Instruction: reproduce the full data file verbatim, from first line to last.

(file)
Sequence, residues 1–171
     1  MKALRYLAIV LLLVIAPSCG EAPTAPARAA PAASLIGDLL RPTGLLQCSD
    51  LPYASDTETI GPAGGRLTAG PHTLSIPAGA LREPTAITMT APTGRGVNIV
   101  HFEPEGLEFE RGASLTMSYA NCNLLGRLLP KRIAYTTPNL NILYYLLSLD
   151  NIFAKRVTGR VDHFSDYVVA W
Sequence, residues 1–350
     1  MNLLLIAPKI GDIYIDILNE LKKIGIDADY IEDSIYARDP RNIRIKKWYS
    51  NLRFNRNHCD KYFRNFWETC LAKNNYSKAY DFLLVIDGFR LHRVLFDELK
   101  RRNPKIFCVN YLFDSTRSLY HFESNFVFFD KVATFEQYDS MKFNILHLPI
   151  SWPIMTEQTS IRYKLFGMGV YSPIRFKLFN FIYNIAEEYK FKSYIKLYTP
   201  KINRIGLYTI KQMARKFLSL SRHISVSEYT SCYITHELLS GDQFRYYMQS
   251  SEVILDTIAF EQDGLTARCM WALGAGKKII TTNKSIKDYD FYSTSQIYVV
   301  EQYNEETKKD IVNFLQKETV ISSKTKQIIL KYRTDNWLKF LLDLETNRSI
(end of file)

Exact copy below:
Sequence, residues 1–171
     1  MKALRYLAIV LLLVIAPSCG EAPTAPARAA PAASLIGDLL RPTGLLQCSD
    51  LPYASDTETI GPAGGRLTAG PHTLSIPAGA LREPTAITMT APTGRGVNIV
   101  HFEPEGLEFE RGASLTMSYA NCNLLGRLLP KRIAYTTPNL NILYYLLSLD
   151  NIFAKRVTGR VDHFSDYVVA W
Sequence, residues 1–350
     1  MNLLLIAPKI GDIYIDILNE LKKIGIDADY IEDSIYARDP RNIRIKKWYS
    51  NLRFNRNHCD KYFRNFWETC LAKNNYSKAY DFLLVIDGFR LHRVLFDELK
   101  RRNPKIFCVN YLFDSTRSLY HFESNFVFFD KVATFEQYDS MKFNILHLPI
   151  SWPIMTEQTS IRYKLFGMGV YSPIRFKLFN FIYNIAEEYK FKSYIKLYTP
   201  KINRIGLYTI KQMARKFLSL SRHISVSEYT SCYITHELLS GDQFRYYMQS
   251  SEVILDTIAF EQDGLTARCM WALGAGKKII TTNKSIKDYD FYSTSQIYVV
   301  EQYNEETKKD IVNFLQKETV ISSKTKQIIL KYRTDNWLKF LLDLETNRSI